Passenger & boot space
How it copes with people and clutter
The Range Rover Sport provides generous space for long-legged people up front. There’s plenty of elbow room too. Less impressive, though, is the car’s outright head room, which isn’t in the same league as you'll get in a larger Range Rover, or as generous as that of key rivals. It’s not scant enough to cause concern among all drivers, but if you are particularly tall, you might be more comfortable in a Volvo XC90.
There are two cupholders on the centre console that can be neatly covered by a sliding lid and are big enough for larger paper cups and 1.0-litre bottles. The glovebox and centre cubby are also a good size, although the door pockets are quite slim.
The Range Rover Sport isn’t the most commodious car in its class for rear passengers, but few will find it restrictive. There’s good head and knee room in the back, so a couple of six-footers are unlikely to feel cramped. A middle passenger might do, though, as the middle seat is relatively narrow. It’s fine for children or smaller adults on short hops, but if you want a car to seat five adults for any length of time, you should shop elsewhere.
Like those in the front, the rear door pockets are quite small but will each swallow a 1.0-litre bottle and the front seatbacks are fitted with small nets for more storage.
The Range Rover Sport is a five-seat car as standard, but you can pay extra to add two seats in the boot, although they're nowhere near as usable as the ones you can have in the Land Rover Discovery and Mercedes-Benz GLS. They're awkward to get into and only suitable for children or small adults. The option isn't available in the P400e plug-in hybrid, D350 or SVR.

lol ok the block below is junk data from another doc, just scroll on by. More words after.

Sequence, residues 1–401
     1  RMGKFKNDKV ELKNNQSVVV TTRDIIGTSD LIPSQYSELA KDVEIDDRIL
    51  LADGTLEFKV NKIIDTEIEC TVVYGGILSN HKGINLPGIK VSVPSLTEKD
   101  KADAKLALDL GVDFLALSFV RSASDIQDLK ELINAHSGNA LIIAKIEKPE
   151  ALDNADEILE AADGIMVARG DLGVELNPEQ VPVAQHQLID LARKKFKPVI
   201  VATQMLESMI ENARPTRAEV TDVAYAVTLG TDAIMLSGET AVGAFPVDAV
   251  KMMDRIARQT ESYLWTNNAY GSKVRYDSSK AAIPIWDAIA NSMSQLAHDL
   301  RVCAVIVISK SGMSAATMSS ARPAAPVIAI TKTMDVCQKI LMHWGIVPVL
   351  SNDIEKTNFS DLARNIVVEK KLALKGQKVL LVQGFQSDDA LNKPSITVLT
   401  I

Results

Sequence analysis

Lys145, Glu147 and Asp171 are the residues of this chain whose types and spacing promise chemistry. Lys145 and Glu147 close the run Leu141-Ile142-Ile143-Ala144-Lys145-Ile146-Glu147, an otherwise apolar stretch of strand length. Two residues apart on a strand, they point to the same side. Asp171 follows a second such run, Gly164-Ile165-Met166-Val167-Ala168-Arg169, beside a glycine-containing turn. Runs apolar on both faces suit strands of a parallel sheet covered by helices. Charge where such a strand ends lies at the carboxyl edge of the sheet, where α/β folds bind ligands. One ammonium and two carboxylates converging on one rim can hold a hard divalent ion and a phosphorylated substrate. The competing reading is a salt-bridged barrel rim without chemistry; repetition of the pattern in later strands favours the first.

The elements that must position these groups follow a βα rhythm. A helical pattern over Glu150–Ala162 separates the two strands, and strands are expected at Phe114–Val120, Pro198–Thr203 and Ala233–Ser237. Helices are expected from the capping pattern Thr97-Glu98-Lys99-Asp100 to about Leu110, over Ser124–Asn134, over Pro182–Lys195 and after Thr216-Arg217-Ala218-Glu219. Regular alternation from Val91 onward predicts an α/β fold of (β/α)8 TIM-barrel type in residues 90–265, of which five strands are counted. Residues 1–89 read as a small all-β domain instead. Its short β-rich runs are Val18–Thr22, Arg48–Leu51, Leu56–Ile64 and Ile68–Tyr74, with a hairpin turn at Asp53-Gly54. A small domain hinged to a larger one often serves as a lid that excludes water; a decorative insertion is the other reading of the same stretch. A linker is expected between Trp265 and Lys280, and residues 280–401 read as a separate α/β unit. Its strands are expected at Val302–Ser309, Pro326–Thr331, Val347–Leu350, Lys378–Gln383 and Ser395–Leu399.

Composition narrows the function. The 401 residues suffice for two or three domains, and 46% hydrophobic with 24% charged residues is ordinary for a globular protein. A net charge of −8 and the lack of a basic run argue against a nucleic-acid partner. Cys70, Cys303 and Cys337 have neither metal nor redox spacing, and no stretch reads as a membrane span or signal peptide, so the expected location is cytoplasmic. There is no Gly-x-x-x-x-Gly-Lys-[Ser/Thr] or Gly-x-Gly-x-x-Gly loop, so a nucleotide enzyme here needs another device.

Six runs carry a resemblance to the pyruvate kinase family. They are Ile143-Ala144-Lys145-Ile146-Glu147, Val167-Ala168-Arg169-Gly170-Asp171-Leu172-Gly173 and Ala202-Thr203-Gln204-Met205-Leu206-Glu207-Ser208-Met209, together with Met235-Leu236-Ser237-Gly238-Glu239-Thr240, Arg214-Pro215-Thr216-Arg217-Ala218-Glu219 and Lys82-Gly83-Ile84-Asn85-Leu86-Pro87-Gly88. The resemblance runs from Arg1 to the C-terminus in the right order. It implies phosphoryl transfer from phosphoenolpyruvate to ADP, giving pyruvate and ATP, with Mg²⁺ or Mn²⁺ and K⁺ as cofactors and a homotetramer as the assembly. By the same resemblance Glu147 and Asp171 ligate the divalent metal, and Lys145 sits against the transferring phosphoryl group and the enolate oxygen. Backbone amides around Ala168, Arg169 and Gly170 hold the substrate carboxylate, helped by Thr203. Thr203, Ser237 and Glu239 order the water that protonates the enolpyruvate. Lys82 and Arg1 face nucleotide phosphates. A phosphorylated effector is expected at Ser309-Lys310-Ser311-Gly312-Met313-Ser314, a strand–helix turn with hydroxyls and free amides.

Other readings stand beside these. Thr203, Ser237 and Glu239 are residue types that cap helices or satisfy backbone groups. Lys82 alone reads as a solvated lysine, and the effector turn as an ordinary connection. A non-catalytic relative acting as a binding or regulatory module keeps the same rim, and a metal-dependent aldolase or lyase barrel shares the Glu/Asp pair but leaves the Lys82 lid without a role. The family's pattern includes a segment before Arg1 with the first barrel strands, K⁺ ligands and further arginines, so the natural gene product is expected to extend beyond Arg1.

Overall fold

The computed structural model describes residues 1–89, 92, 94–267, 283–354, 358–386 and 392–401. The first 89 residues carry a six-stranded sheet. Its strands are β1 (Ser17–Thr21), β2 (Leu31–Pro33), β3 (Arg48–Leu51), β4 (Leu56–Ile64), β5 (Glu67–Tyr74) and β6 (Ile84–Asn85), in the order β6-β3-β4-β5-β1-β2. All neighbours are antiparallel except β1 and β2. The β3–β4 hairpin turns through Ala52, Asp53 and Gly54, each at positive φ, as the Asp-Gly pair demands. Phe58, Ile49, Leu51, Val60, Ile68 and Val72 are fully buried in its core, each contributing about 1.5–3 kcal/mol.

Seat folding and flexibility
The second-row seats slide forwards and backwards, as well as reclining to several set positions. The two outer seats can be tilted forwards just enough to let passengers step past to reach the optional third row of seats but, annoyingly, don't revert back to their upright positions by default.
The third-row seats, if fitted, can be raised and lowered individually with buttons at the rear doors and just inside the boot opening. It takes a while for the electric motors to get the seats up or down.
Depending on the trim level you choose, the front passenger seat gets either 16 or 18-way electric adjustment, both getting adjustable lumbar support as standard. The SVR is the only model with lightweight Supersport front seats, which offer more lateral support than the standard ones. Heated front and rear seats are standard, and a cooling function is available if you pay a little extra.
Here, too, the Range Rover Sport is good but not outstanding. Its standard hands-free electric tailgate is a neat touch, but lacks the useful split tailgate that some rivals offer.
The boot itself is wide and fairly tall. Straight sides and a broad opening grant you easy access and make it simple to load bulky items. Some rivals have a boot that’s deeper from front to back, and there’s no underfloor space if you add a third row of seats. The latter is true of the P400e, too, because of its bulky battery packs.
Whichever model you go for, though, dropping the rear seats reveals a huge load area that’ll take practically anything you throw at it. You can secure your load to the lashing points in all four corners of the boot, and you’ll find load space stowage rails with divider bars on the options list.
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